Ladies, do you know that you come with an expiration date?
In our contemporary society, many women are encouraged to pursue their dreams, higher education, and STEM-related careers. Slowly, but surely, women have conquered more and more executive positions. However, these opportunities often affect women’s decisions about motherhood and marriage.
In China, women are 48.6% of the nation’s population. A study from 2017 shows that 40.1% of Chinese women are hesitant to have children, while 63.4% are worried that having children would significantly impact their career development.
During Chinese New Year, when family members gather to celebrate, many unmarried women in their late twenties are pressured with questions: How old are you? Are you married? Do you have a boyfriend? When will you have a boyfriend? When will you get married? Why are you still single?
The tradition of arranged marriage has been illegal in China since the 1950s, nonetheless, many parents remain strongly involved in the marriages of their children.
With the rapidly increasing rate of unmarried women, and with parents’ oppression on their children’s lives, the birth of boyfriend renting apps, and marriage market, expeditiously emerged into the Chinese society.
In 2005, China started a place called the “marriage market,” it is where parents post the profiles of their children; including job, income, and property ownership, in the hope of finding the right match. “It is like selling your daughter” stated one of the casts in SK-ll: Marriage Market Takeover.
Furthermore, the demand for fake boyfriend and girlfriend renting has peaked during the Lunar New Year in recent years. Such desire could be found in a Chinese online shopping site, Taobao. The price of the pretend partner could be up to $250 per day, including the overnight stay.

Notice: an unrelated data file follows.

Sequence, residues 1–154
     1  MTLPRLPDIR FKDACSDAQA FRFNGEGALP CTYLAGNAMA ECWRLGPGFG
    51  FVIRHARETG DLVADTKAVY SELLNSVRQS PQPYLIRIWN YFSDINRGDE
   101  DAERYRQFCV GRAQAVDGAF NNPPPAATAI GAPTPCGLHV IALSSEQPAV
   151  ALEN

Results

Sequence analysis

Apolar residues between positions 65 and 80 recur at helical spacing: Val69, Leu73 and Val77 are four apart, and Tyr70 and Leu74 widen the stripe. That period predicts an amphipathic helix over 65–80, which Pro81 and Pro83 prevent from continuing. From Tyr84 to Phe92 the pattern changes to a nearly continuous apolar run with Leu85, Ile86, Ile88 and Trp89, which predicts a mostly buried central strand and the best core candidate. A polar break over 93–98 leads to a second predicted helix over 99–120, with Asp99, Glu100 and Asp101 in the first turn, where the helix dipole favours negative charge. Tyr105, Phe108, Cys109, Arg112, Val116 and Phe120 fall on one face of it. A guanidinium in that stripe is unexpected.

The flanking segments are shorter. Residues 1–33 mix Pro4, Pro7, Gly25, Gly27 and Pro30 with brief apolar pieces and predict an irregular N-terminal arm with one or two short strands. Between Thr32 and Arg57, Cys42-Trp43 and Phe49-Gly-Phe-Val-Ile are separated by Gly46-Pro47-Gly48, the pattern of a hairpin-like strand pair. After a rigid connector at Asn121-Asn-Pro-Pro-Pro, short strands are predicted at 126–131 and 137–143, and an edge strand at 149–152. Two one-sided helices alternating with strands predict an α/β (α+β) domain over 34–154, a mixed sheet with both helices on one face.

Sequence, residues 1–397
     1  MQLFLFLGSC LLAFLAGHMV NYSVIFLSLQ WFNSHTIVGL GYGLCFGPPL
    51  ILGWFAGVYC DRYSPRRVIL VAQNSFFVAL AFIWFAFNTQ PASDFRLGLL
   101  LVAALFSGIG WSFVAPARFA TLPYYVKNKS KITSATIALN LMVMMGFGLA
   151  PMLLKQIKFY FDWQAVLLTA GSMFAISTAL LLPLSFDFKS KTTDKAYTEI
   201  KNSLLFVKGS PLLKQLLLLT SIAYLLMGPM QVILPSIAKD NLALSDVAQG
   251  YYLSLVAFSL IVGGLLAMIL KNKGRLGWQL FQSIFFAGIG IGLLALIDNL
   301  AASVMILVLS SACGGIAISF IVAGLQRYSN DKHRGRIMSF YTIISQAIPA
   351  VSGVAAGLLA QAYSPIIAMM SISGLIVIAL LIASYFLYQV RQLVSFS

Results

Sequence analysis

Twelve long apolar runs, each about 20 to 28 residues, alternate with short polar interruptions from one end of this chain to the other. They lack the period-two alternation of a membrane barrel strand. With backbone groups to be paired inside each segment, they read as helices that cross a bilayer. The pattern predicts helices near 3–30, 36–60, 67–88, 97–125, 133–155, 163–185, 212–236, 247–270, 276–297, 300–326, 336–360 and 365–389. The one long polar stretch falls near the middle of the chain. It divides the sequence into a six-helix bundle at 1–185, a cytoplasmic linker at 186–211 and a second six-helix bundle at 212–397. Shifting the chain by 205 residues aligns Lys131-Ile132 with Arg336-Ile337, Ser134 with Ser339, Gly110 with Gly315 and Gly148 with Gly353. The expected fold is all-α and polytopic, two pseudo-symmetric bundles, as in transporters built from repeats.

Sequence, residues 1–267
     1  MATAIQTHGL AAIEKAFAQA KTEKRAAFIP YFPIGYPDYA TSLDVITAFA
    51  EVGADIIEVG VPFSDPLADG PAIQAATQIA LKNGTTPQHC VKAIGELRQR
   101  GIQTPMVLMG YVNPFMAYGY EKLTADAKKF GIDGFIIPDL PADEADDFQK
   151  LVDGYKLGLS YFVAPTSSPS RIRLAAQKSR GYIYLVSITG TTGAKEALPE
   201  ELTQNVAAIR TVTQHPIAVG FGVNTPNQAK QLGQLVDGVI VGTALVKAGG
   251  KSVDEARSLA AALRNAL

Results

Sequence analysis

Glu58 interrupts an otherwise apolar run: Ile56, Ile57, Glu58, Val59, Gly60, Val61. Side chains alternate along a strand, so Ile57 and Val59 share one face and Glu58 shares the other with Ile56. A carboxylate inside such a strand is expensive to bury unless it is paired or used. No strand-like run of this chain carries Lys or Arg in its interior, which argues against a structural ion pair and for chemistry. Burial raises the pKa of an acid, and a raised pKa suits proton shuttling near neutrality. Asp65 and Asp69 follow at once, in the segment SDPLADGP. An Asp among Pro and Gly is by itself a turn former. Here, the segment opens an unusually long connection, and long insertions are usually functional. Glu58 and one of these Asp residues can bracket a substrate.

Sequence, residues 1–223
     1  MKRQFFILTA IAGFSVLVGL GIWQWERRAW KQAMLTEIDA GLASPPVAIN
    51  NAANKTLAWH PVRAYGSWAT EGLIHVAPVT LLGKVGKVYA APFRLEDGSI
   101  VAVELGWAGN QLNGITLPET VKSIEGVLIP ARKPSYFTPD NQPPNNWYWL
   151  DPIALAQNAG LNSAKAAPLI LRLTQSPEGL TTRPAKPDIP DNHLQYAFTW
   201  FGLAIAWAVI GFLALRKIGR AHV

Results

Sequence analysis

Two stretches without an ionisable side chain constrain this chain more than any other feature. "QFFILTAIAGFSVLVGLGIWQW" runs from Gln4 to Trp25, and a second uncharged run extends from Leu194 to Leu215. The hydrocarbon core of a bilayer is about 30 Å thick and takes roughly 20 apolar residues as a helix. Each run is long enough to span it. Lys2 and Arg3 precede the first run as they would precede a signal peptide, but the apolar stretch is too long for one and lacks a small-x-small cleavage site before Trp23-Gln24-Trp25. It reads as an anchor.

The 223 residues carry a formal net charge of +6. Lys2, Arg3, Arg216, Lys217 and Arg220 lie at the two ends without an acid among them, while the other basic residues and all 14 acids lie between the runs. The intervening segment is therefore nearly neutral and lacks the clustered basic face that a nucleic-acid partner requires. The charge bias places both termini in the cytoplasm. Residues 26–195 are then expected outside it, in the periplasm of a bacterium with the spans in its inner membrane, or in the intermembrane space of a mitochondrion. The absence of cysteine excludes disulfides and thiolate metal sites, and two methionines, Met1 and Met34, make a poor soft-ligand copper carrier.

Many young people are turning away from marriage, which causes an alarm to their parents. Parents fear that the children will break family lineage or will be left with no one to care for them. Chinese Society has set an expiration date on any women who are not married by the age of 25, and will be called “Sheng Nu” translated to “leftover women.”
Many parents misunderstand their daughters and believe women must rely on men in order to have a “complete” life, that women are bound to rely on men and their life would be insufficient without men, even with a stable job. If a woman doesn’t find her partner at an early age she will be left unwanted, and that was her only chance.
Chinese women aren’t the only ones enduring the pressure to be married early. The tradition of arranged marriage is also common in places such as; India, Africa, the Middle East, and Asia. This ideology was taught from generations after another, however, the beauty of culture is that it can also be untaught.
Do we, women, actually have an expiration date on us? Marriage should be a choice at any age for any member of the society, it should never be considered as a “must.” Women who have chosen to pursue their careers should be highly encouraged. Leftover women are to be treated with respect and honor.
Written by: Sopheak Thy